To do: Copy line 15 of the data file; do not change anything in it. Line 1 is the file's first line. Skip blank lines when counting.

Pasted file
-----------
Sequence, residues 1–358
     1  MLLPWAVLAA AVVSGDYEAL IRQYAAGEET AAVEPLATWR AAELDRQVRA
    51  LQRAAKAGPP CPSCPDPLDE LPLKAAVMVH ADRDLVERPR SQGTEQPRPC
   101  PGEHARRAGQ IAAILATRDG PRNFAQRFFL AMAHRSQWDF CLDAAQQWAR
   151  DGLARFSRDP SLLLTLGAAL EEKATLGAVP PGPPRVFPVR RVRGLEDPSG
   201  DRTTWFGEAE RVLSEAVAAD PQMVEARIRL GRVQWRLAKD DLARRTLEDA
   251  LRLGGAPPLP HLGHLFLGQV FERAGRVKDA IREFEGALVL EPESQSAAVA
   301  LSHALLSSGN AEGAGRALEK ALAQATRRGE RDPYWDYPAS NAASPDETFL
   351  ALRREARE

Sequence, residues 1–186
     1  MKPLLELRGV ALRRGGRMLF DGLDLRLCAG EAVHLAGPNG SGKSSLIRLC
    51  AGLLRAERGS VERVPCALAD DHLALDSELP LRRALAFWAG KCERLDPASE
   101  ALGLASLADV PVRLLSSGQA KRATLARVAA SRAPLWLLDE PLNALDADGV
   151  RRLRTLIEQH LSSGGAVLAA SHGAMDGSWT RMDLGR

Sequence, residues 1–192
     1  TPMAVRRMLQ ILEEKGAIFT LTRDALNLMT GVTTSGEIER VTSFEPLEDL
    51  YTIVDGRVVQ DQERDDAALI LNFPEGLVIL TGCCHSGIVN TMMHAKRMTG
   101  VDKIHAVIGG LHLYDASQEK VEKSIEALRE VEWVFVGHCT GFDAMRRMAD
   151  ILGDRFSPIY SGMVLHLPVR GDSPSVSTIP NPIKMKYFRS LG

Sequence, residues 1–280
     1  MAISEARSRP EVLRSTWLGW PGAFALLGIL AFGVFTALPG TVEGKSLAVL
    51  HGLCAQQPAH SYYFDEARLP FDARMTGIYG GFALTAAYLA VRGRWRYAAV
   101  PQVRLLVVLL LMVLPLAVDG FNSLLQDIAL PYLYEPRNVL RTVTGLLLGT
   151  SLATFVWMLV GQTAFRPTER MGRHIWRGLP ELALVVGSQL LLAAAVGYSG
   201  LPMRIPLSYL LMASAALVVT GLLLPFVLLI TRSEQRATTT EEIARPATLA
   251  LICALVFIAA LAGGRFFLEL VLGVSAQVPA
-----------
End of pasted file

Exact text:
Sequence, residues 1–192